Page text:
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The Tilting Pan Filter belongs to the top feed group and has found its main application in the phosphoric acid industry and, to some extent, in the washing of phosphate rock. As already mentioned in the Horizontal Belt Filters section there was a traditional rivalry over the years between the Pan and Belt Filter which now, owing to the substantial progress in rubber technology, swings in the favor of the later.
At the last stage before relevelling, suction is applied to evacuate the wash water that accumulates inside the pan, and at the same time it dries the cloth to avoid dilution of the mother filtrate. Since during this stage air passes freely through the exposed cloth, applying suction with the main vacuum pump will cause a loss of vacuum to the entire system, hence, an auxiliary small vacuum pump is incorporated to separate between the vacuum zones.
The main valve, that is also called distributor, controls the cycle segments with bridges that open and close the port of each pan as it passes from high vacuum through cake blow-off to low vacuum. Compartments within the valve separate the various zones to ensure that the separation is sharp and no mixing of mother, strong, middle and weak filtrates occurs during the cycle.
To speed up the evacuation of the various filtrates there are valves with two bridge circles, one for the main stream and the another that opens to atmosphere and purges the pan below the deck just before entering a new zone.
The speed of rotation determines the cycle time and this, being an important design parameter, is limited mechanically by the mass inertia of the swinging pan and its wet cake load at the point of discharge. Typical cycle times for Pan Filters are 2½ to 3 minutes depending on the size of the filter and the design of the peripheral cam that controls the tilting velocity.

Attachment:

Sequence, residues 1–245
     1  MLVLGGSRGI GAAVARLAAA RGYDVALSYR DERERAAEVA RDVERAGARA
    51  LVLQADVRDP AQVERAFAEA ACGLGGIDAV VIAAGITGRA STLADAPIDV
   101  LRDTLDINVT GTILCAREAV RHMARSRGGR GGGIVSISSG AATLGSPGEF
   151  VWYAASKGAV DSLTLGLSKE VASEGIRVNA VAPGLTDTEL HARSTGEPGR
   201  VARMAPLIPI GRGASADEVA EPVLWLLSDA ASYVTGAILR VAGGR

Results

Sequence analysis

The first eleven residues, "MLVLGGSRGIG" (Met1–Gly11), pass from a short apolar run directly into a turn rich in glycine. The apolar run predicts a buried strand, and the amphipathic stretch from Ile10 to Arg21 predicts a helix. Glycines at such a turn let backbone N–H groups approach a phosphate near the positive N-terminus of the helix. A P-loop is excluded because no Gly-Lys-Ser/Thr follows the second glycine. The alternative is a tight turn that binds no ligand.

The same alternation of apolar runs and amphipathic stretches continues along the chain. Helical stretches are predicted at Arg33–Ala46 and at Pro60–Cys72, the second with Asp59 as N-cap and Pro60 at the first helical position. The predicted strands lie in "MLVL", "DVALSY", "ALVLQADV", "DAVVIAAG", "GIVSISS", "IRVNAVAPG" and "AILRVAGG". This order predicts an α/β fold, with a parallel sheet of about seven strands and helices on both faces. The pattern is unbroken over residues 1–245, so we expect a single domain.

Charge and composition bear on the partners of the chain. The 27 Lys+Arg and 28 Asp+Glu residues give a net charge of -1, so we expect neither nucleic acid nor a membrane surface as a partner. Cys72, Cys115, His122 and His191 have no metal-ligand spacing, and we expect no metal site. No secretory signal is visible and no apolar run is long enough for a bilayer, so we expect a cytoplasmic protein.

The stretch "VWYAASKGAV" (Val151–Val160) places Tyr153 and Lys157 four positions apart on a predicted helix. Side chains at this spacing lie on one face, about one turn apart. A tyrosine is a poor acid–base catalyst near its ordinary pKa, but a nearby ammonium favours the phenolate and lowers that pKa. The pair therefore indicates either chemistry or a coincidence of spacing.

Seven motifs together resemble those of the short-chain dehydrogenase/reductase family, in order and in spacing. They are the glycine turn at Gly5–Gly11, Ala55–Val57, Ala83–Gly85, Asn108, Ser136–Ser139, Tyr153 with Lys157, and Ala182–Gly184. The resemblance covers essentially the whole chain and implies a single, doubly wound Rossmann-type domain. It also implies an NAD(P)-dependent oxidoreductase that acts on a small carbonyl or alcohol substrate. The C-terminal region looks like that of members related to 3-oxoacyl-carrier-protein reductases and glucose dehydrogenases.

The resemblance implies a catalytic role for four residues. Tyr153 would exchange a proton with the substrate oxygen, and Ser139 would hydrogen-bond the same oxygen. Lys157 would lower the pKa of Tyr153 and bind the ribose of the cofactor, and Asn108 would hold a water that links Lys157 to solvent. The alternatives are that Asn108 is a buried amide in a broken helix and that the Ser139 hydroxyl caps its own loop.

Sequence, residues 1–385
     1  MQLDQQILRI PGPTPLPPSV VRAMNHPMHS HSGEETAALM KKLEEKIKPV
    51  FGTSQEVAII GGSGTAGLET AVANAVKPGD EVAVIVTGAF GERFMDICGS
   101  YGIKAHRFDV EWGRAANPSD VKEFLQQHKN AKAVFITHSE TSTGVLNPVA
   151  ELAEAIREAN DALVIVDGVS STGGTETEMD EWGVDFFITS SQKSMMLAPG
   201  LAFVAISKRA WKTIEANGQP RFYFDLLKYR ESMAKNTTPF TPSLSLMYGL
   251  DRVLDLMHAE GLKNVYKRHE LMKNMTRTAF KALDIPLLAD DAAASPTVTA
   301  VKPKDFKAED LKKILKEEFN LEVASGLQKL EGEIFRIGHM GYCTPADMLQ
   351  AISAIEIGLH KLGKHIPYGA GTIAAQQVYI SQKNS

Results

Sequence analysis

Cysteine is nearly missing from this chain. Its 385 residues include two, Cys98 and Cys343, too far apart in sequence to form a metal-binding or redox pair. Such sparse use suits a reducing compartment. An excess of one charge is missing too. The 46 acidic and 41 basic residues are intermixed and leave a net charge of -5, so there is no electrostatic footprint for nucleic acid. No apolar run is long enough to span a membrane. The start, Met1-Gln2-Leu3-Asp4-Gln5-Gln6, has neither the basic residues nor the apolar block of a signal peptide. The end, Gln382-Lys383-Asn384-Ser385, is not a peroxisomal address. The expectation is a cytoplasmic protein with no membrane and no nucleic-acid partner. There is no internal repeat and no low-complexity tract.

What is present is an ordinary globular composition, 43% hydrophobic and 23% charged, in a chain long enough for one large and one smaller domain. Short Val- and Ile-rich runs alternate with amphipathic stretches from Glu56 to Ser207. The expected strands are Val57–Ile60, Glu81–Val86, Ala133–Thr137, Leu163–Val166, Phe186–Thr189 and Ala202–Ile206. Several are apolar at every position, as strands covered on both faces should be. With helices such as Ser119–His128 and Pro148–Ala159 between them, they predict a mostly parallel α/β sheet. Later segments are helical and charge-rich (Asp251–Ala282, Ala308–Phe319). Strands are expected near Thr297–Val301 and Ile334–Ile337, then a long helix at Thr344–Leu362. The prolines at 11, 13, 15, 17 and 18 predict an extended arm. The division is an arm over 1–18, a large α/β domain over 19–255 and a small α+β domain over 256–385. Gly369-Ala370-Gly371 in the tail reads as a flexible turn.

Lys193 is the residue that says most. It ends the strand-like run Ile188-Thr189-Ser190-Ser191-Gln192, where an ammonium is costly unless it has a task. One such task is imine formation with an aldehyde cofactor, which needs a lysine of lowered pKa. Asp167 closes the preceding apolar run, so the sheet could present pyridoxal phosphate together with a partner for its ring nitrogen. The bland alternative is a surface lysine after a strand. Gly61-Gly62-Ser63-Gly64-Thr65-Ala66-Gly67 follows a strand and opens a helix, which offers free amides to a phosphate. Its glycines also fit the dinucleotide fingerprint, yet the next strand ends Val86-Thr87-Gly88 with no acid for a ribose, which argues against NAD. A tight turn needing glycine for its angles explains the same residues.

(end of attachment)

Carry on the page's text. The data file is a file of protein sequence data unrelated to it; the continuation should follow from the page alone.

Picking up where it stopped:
Pan Filters are available for dry or wet cake discharge depending on the method of disposal. The discharge zone for dry discharge consists of two chutes, one for the dry cake and the second for cloth washing. The zone for wet discharge has one chute only in which the cake is sluiced and then the cloth is washed. Dry cake discharge consumes about 3-4% more effective filtration area than the wet discharge so this should be taken in account while calculating the required area.
The Tilting Pan Filter is constructed from the following subassemblies:
As mentioned in an earlier discussion the Pan Filters have
been set aside once the rubber technology enabled the manufacture
Horizontal Belt Filters with large filtration
areas. Presently there are no outstanding features to prefer a Tilting Pan
Filter over a Belt Filter although many of them are in extensive use.
The cycle of a Tilting Pan Filter that includes three counter-current washing stages consists of the following zones:
The major parts requiring inspection for preventive maintenance are:
The pans for corrosion even if fabricated from UB6, Sanicaro 28 or 914L for the harsh phosphoric acid conditions.
The wear plate of the main valve for erosion since its large diameter makes it vulnerable to loss of vacuum.
The twisting rubber hoses or "O" ringed elbows which connect the rotating pan necks with its pipe and wear plate to the face of the stationary valve.
The condition of the high impact nozzles mounted on the cloth wash manifold and, for wet cake discharge, the sluicing manifold.
The support rollers which take the vertical load of of the entire machine and the horizontal thrust rolls that keep the rotating frame concentric.
The toothed rim and sprocket which drives the Pan Filter.